Tencent dominates Myanmar’s booming music streaming scene

Linda J. Dodson

YANGON — Major Chinese internet company Tencent Holdings is leading Myanmar’s growth in music streaming services, plowing ahead while major U.S. and European providers have yet to make advances into the Southeast Asian country.

Joox, a Tencent music streaming service, provides mostly free pop music to users in the region such as Thailand and Indonesia. In Myanmar too, it has become a popular app for enjoying music on smartphones since its launch three years ago on the heels of its success in neighboring countries.

The number of music CDs sold is no longer a measure of popularity in Myanmar where the use of smartphones is expanding rapidly. The mass-market entertainment industry itself has emerged in tandem with the spread of Facebook and online streaming services.

“Moshimo,” sung in the Burmese language by female and male singers from Japan, Ayaka Hirahara and Win Morisaki, stood high on the hit chart in Myanmar throughout most of February. The song was written and composed by Hirahara for a local television drama in which Morisaki, who is also an actor and was born in Myanmar, appears.

Hirahara and Morisaki introduced it for the first time at an event in Yangon, Myanmar’s biggest city, in mid-January. The song became a hit through a video of their performance shown on Facebook and it ranked third on Joox’s weekly Top 10 hit chart at the end of January. It soared to the top the following week, overtaking songs by local pop artists.

In developed countries such as Japan, the U.S. and European nations, streaming services like Apple Music, offered by Apple in the U.S., and Spotify of Sweden, are widely used. But Apple’s mobile devices are rarely seen in Myanmar where people prefer cheaper alternatives. Spotify services are unavailable in the country.

Thus, Joox is starting to corral users in emerging economies in Southeast Asia, as if filling a void left by global companies.

Tencent launched the Joox in Hong Kong in 2015 to expand its music streaming service from mainland China to other countries and regions. After tapping Southeast Asian markets such as Thailand, Malaysia and Indonesia, Tencent began the service in South Africa in 2017.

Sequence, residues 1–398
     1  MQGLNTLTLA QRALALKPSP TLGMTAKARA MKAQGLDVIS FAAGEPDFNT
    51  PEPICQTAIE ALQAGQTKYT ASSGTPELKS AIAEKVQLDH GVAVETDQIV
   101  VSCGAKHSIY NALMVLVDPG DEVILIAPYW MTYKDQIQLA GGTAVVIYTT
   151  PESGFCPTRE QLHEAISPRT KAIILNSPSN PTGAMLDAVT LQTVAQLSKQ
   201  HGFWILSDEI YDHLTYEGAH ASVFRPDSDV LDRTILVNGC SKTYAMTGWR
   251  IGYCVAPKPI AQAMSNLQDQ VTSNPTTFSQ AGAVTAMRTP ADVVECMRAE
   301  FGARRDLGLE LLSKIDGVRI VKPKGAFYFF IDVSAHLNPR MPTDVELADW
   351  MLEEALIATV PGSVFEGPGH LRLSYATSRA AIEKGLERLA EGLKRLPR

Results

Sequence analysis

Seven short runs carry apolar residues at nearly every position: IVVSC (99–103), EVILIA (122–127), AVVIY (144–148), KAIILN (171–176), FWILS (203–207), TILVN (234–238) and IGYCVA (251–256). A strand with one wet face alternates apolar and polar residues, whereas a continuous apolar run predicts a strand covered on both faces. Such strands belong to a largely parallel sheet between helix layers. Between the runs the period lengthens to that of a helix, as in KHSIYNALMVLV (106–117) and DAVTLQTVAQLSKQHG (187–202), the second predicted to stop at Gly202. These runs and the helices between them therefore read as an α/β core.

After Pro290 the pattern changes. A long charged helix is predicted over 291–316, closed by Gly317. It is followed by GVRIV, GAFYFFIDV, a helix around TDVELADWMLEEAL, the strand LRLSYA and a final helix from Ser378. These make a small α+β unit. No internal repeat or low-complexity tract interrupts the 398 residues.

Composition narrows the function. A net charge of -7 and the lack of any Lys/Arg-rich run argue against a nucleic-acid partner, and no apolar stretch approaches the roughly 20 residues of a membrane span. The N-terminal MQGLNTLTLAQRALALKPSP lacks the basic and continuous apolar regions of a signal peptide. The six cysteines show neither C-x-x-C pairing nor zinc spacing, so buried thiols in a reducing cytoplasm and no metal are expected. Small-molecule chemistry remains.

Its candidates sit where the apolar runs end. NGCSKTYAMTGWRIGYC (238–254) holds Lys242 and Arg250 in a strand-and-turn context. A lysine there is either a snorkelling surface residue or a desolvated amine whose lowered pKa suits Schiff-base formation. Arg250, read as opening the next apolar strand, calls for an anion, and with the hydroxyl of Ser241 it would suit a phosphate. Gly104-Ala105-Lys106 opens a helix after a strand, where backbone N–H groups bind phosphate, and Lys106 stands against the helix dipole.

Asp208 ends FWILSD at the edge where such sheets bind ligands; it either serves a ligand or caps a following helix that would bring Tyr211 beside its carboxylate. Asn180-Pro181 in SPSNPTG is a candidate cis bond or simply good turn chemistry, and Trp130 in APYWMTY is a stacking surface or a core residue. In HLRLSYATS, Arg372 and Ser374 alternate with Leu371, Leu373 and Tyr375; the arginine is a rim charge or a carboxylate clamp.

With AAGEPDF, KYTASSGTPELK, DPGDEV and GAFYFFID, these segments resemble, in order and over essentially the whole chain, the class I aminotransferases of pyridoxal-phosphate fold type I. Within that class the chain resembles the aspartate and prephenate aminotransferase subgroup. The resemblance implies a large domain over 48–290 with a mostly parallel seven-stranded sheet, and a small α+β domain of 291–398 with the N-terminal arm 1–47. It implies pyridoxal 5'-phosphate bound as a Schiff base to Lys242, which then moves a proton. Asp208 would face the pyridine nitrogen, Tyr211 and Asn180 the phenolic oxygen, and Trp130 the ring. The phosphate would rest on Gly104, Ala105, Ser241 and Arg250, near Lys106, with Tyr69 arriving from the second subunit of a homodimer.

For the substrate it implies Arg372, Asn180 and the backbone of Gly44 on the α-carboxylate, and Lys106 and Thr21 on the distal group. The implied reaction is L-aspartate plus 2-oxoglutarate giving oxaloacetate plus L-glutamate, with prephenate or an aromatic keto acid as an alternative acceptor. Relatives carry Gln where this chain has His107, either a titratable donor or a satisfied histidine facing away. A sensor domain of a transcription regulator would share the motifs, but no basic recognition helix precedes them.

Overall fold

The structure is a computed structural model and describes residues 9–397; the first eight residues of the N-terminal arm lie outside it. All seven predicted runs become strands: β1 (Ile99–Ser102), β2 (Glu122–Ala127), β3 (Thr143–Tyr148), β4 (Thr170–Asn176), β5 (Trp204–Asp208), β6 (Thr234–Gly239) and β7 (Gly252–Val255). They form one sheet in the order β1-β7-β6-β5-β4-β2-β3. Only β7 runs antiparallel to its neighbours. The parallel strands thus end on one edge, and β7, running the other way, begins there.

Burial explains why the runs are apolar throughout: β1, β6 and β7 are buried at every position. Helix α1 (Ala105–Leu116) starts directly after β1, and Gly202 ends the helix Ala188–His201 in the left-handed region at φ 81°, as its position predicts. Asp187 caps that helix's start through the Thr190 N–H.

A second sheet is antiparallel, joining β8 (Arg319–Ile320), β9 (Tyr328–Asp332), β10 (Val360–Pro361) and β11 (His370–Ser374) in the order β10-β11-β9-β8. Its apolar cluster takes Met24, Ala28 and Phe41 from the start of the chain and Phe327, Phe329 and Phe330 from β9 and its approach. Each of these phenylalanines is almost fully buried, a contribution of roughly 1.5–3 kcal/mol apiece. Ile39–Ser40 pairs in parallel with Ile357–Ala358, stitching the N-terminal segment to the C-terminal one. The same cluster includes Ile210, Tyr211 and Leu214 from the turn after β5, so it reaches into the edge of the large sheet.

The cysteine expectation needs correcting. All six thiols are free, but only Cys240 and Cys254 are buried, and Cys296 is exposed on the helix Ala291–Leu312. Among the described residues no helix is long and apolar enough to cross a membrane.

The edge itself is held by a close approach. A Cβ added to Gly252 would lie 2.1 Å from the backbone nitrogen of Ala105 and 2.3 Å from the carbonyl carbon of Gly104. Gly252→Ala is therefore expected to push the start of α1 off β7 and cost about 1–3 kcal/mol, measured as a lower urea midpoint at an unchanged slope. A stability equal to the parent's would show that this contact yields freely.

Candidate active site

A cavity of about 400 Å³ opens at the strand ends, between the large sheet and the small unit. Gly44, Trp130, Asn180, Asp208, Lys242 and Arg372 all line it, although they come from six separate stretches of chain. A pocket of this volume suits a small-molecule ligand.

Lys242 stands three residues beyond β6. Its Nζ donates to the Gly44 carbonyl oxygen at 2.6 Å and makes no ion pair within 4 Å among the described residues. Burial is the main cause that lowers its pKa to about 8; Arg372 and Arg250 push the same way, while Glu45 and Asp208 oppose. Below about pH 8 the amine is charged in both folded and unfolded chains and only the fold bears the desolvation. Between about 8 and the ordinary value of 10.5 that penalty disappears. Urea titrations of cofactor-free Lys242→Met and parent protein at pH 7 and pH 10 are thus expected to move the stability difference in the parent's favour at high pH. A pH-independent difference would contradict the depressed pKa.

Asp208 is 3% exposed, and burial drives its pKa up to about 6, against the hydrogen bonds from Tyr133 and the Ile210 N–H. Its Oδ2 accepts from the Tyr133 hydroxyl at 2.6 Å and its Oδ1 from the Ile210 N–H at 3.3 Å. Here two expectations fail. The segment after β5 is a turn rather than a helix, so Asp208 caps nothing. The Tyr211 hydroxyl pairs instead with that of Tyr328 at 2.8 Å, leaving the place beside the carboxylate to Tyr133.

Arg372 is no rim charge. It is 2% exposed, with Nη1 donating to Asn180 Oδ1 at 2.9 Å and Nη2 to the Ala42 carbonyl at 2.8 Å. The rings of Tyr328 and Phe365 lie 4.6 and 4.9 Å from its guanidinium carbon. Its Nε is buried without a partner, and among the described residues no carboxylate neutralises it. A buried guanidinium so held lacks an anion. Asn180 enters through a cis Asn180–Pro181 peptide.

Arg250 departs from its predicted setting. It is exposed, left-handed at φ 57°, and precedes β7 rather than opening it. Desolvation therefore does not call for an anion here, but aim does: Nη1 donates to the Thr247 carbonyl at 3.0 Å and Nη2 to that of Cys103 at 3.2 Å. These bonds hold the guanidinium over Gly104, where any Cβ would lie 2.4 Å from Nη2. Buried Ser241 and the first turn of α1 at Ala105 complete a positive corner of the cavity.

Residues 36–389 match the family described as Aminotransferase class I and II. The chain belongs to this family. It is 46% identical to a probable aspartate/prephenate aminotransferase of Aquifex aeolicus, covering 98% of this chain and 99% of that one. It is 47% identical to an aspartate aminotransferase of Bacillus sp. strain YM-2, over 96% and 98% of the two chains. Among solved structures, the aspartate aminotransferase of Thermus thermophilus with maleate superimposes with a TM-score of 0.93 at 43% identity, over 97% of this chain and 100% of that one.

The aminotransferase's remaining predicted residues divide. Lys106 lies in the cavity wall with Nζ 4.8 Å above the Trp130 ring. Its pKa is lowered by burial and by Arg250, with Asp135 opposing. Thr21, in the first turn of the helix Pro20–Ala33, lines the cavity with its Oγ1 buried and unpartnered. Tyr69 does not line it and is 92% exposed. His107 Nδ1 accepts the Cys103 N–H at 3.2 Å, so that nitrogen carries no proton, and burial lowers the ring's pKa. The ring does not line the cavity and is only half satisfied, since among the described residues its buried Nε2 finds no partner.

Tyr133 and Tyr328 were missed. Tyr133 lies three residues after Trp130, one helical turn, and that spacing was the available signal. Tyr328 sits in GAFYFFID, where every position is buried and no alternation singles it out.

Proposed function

Joox has soared in popularity in emerging markets through strong investment in localization. The service offers a large selection of pop music by local artists and the app displays song lyrics in the local language, which also attracts many users in each market.

Like Spotify, Joox does not collect a fee per download but operates on advertising revenue, allowing users to get music mostly for free. Paid subscribers can enjoy high-quality music and video streaming services and remove ads from their screens.

In Myanmar, Joox has a deal with a major telecommunication carrier, which means users can use leftover amounts in prepaid telecom fees to settle accounts, eliminating the need for credit cards and other payment means.

In addition, Joox conducts live events involving local artists with high rankings in its hit chart in various countries to generate synergy with online streaming services.

Source Article

Next Post

A crisis of demand, not supply, has dented my hopes of a swift recovery

Half as many tables means sharply lower turnover will not cover fixed costs – and that’s before you’ve worked out how to run a kitchen with two metres between your staff. This means the crisis is about solvency, not liquidity. The prompt, massive and unprecedented Government and central bank support […]

You May Like